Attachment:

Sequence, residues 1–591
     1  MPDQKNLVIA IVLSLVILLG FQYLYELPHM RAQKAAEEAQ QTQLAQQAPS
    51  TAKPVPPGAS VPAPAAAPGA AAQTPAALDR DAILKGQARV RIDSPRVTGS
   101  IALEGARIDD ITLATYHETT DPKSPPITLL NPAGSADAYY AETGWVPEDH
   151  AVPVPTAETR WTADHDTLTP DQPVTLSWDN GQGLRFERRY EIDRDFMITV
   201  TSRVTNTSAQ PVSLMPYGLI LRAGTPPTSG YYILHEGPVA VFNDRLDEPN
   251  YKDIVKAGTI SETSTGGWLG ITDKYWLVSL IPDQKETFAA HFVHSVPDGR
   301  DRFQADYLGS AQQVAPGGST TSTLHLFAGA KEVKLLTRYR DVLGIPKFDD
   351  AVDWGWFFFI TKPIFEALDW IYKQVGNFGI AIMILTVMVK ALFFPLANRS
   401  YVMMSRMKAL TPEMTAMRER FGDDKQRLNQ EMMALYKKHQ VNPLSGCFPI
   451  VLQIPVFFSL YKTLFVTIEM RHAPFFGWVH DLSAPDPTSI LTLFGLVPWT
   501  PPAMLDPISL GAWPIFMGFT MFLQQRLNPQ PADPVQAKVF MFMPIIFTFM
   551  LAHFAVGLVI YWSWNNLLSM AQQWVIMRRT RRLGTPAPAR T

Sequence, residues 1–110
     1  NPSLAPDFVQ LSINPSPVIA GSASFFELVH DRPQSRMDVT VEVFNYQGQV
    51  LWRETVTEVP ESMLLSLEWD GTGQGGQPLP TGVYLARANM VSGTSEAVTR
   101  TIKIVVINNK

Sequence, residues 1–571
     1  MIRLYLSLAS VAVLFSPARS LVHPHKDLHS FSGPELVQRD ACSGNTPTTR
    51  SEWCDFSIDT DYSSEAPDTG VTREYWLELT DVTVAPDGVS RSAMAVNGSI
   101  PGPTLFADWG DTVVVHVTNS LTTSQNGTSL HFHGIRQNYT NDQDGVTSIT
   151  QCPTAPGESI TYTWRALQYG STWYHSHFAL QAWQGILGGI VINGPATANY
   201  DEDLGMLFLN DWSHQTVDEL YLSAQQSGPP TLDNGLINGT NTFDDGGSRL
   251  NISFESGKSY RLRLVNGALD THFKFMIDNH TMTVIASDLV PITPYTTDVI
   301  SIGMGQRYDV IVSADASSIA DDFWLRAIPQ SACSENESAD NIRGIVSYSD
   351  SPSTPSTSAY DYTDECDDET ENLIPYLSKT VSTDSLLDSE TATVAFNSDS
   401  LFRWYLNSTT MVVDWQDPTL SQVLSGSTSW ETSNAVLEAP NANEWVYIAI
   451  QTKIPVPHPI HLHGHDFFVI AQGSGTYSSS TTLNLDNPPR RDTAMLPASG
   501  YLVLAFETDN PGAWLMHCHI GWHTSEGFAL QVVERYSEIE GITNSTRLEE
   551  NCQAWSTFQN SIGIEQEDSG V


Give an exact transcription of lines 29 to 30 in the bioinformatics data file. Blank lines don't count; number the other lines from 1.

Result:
   501  YLVLAFETDN PGAWLMHCHI GWHTSEGFAL QVVERYSEIE GITNSTRLEE
   551  NCQAWSTFQN SIGIEQEDSG V